Are you prepared?
Hawai`i's hurricane season started June 1 and ends November 30. Forecasters warn of above-average 2019 cyclone activity in the Central Pacific and predict 5 to 8 storms. Hurricane Erick just passed south of the Big Island, and Hurricane Flossie is heading towards the Big Island now. Being prepared for the danger and potential upheaval of a hurricane and torrential rains requires planning and coordination with family and neighbors.
Residents of 96710, come to the Hakalau Neighborhood Watch meeting on August 8 to learn what to do if a disaster happens. Have a plan!
Why we created hakalauhome.com
Creating hakalauhome.com is our way of showing our respect for those who came before us, to build upon the history and share it broadly, and to showcase the collective effort of residents of Hakalau today.
Updates as of August 4, 2019
New Year's Resolutions for hakalauhome
New Year's Resolution #1: Expand historical information about the former Hakalau Plantation using newspaper sources.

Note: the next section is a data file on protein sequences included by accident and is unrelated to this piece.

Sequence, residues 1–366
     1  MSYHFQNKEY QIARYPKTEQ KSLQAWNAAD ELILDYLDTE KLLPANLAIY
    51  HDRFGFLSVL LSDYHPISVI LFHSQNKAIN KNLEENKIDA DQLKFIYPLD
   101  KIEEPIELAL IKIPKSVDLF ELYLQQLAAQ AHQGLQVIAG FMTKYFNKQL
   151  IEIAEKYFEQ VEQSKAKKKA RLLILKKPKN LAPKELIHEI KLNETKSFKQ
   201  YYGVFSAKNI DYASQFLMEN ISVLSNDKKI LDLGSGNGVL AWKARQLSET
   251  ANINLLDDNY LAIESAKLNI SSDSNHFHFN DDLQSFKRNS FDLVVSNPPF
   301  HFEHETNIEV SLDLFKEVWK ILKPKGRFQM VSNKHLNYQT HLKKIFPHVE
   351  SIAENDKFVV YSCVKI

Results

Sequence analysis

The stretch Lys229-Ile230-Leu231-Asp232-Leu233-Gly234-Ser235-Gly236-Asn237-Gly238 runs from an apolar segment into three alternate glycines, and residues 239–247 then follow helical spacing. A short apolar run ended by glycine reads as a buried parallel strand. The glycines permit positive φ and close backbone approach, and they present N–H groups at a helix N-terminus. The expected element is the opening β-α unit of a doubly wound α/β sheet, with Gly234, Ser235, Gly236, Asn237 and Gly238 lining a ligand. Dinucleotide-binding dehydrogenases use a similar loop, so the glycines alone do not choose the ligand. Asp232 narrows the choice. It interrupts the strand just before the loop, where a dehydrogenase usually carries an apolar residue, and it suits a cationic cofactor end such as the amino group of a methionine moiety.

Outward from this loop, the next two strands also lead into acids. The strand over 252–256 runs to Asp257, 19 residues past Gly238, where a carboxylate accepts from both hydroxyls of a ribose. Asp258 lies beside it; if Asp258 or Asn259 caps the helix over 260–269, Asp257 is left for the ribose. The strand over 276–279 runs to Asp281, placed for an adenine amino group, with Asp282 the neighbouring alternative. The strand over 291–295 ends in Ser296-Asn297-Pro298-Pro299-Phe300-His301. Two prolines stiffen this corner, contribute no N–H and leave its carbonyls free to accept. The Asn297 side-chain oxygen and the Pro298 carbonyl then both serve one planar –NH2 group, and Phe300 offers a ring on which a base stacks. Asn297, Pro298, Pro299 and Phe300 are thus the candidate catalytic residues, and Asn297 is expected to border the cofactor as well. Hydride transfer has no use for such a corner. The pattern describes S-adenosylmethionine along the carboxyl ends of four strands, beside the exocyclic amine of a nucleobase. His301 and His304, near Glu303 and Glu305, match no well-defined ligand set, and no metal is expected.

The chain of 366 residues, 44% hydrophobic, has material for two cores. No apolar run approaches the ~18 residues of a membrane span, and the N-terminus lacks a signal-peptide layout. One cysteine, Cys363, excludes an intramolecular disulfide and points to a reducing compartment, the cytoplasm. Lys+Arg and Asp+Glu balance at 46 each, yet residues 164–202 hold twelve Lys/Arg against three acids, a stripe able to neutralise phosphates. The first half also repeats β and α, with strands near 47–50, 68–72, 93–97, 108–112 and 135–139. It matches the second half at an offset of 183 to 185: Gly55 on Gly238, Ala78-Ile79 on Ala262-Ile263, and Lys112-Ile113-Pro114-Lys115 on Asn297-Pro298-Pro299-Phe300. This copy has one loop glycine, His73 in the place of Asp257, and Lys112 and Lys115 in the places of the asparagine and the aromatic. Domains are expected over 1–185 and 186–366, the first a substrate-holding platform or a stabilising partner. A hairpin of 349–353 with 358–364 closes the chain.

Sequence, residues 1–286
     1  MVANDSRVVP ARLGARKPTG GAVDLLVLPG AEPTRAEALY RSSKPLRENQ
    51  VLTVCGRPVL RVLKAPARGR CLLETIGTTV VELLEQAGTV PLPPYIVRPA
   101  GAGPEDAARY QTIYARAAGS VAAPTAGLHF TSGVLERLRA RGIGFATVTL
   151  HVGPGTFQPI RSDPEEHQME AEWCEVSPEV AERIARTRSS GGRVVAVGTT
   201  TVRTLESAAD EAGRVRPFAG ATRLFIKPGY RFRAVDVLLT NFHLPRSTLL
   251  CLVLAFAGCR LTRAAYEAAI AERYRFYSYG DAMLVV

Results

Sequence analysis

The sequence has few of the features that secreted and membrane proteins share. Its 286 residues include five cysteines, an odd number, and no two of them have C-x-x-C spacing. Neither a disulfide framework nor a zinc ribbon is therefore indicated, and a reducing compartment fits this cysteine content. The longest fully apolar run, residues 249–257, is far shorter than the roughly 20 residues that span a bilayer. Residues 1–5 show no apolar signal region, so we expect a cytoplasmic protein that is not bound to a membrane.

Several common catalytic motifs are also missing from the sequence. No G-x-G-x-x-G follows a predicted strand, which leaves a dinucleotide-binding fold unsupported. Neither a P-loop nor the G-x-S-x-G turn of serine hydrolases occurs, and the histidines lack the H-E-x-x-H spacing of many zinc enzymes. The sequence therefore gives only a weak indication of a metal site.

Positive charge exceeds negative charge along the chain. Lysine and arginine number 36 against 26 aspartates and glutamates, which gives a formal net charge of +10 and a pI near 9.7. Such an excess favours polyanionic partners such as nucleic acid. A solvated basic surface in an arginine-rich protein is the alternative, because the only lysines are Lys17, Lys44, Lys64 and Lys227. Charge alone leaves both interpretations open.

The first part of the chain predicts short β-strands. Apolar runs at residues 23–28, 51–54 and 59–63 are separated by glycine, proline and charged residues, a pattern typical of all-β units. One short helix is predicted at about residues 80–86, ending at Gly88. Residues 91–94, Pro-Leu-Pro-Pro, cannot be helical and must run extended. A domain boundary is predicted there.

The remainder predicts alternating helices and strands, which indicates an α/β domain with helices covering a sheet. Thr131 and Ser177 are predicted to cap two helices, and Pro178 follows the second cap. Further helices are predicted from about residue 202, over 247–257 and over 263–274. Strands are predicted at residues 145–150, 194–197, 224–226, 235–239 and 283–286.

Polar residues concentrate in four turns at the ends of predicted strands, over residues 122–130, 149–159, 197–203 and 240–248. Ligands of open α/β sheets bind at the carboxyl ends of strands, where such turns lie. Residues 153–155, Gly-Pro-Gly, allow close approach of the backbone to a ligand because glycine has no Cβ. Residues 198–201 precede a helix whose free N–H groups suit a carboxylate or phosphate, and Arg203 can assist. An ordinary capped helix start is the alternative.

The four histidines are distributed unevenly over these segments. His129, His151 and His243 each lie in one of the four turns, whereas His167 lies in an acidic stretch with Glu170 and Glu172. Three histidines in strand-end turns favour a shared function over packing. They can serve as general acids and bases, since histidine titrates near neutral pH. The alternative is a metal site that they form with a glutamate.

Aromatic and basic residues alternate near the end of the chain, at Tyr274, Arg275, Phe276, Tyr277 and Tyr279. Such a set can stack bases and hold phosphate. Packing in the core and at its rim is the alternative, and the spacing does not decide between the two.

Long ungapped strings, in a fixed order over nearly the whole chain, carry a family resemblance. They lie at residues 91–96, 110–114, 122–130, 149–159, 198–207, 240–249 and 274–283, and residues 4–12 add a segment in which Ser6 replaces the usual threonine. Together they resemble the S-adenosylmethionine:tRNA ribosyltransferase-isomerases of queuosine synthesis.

New Year's Resolution #2: Track and explain the sale of lands [within the Hakalau Kuleana*] to sugar interests after the Great Māhele and the Reciprocity Treaty of 1875.
New Year's Resolution #3: Quantify and describe the demographic changes over time in the Hakalau Kuleana*.
* For this website, the Hakalau Kuleana is defined as the area within the boundaries of the former Hakalau Plantation from the Kolekole River in Wailea to the Poupou Stream in Ninole. This is approximately from the 14 Mile Marker to the 20 Mile Marker.
- Timeline >
Camps in 1950s
- Hakalau School >
- John M. Ross School
- Hakalau Jodo Mission >
- Honohina Hongwanji
- Hangouts and Memories >
- The Ross Families of Hakalau
- The Work: Cultivating, Harvesting, Milling and Transportation >
- The Voice of Hakalau (Newspaper)
- The Railroad >
- Tsunami of April 1, 1946
... a source of information for former and current residents that captures the historical, cultural and social uniqueness of our community